After that, all relevant medical records are obtained by the attorney. In many medical malpractice cases, proof of negligence is found in these records.
Here is a video we recently put together regarding selecting an attorney in Sacramento:Determining Medical Malpractice
To determine if there is "medical malpractice," it is necessary that a medical expert is retained to consult with the plaintiff's attorney. This expert should be well qualified to give a medical opinion and is therefore frequently board certified in the relevant field of medicine. After a complete review of the client's medical records, the medical expert determines with reasonable certainty that the action or inaction of the physician was the cause of injury to the plaintiff, then it is appropriate to file a suit against the doctor or the hospital.
Filing suit begins the legal process which may cover several years. During this period both parties exchange a series of documents.
In the first stage, the legal pleading stage, the parties set forth with precision their legal theories.
In the second stage called, the discovery stage, the facts to support the various legal theories are developed.
If the parties are not able to resolve their differences the case, now in its third stage, will go to trial before a judge and jury.Medical Malpractice FAQ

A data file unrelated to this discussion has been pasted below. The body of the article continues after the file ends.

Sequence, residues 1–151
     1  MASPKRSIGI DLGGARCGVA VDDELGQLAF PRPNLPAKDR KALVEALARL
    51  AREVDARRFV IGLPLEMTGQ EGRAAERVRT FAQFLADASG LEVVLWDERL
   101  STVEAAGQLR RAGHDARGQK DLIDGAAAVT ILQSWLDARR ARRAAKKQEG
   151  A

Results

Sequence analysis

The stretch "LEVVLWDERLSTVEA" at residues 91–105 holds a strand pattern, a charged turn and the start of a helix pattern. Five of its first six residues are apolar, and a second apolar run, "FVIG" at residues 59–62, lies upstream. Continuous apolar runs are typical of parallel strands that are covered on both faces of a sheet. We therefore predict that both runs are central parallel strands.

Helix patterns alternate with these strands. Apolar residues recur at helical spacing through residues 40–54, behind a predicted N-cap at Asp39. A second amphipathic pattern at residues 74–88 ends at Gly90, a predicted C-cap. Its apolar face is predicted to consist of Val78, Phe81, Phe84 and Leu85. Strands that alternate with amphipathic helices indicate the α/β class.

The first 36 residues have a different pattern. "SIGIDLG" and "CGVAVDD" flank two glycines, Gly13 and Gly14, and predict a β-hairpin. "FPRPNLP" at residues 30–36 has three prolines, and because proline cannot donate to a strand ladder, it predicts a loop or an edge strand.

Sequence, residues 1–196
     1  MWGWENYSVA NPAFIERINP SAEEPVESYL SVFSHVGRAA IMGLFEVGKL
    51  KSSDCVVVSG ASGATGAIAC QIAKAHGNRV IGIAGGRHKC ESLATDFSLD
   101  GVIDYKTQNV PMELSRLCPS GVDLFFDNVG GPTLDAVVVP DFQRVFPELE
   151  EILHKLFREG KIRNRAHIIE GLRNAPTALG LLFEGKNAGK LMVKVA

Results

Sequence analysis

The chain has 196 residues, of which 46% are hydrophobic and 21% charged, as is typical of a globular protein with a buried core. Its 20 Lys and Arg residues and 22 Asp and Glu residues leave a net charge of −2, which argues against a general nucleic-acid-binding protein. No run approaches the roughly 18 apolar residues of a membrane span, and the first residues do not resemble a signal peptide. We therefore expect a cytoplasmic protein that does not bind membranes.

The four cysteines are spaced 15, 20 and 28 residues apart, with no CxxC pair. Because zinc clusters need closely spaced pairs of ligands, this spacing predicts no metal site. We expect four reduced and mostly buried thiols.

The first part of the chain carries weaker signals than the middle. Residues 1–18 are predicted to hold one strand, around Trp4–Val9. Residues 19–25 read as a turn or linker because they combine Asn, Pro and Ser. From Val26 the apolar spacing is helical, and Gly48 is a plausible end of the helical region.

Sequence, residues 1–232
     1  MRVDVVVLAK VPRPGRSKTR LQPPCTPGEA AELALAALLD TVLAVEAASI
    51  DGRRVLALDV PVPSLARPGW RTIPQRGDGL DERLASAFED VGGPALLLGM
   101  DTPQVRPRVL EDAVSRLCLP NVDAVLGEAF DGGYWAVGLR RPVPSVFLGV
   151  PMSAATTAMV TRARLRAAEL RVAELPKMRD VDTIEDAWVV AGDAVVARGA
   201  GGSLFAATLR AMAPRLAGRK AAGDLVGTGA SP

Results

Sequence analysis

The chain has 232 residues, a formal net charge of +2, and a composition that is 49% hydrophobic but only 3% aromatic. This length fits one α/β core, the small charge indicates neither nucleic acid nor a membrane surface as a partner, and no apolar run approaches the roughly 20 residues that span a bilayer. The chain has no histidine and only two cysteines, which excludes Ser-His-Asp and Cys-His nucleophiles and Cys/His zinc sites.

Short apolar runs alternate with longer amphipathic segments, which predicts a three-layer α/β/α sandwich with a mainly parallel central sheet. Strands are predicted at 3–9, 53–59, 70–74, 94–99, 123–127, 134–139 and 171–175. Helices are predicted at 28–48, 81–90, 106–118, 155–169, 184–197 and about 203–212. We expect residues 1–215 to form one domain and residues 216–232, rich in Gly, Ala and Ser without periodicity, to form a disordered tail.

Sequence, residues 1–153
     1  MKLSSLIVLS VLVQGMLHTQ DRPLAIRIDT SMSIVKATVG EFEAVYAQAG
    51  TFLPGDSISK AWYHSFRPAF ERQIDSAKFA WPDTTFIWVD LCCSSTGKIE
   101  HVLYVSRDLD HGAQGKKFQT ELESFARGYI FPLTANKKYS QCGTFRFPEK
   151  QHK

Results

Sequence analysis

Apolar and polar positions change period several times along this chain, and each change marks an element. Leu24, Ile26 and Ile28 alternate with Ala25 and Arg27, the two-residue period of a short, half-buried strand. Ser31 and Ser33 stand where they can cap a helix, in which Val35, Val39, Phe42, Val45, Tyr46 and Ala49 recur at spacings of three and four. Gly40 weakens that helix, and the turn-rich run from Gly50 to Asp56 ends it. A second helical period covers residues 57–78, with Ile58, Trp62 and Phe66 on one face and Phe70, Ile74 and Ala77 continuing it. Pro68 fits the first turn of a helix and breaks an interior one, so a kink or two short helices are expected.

Q: Which areas does your law firm practice in?
A: We take cases throughout California, but most of our cases are filed in Sacramento, Placer, Yolo, El Dorado, San Joaquin, and Solano counties.
Q: Does California have a cap on medical malpractice cases?
A: The Medical Injury Compensation Reform Act (MICRA) resulted in a $250,000 cap on “non-economic damages.” Non-economic damages are damages such as pain and suffering, discomfort, and the psychological impact of injuries. California does not have a cap on damage amounts people can receive as compensation for medical care.
Q: Who can be held responsible for medical malpractice?
A: Health care providers who have been negligent may be held responsible for medical malpractice. This includes a wide variety of providers including doctors, surgeons, oral surgeons, nurses, therapists, anesthesiologists, pharmacists, dentists, psychologists, psychiatrists, eye doctors, obstetrician/gynecologist (OBGYN), vascular surgeons, neurosurgeons, Ophthalmologists, Maxillofacial surgeons, plastic surgeons, other medical specialists, and hospitals.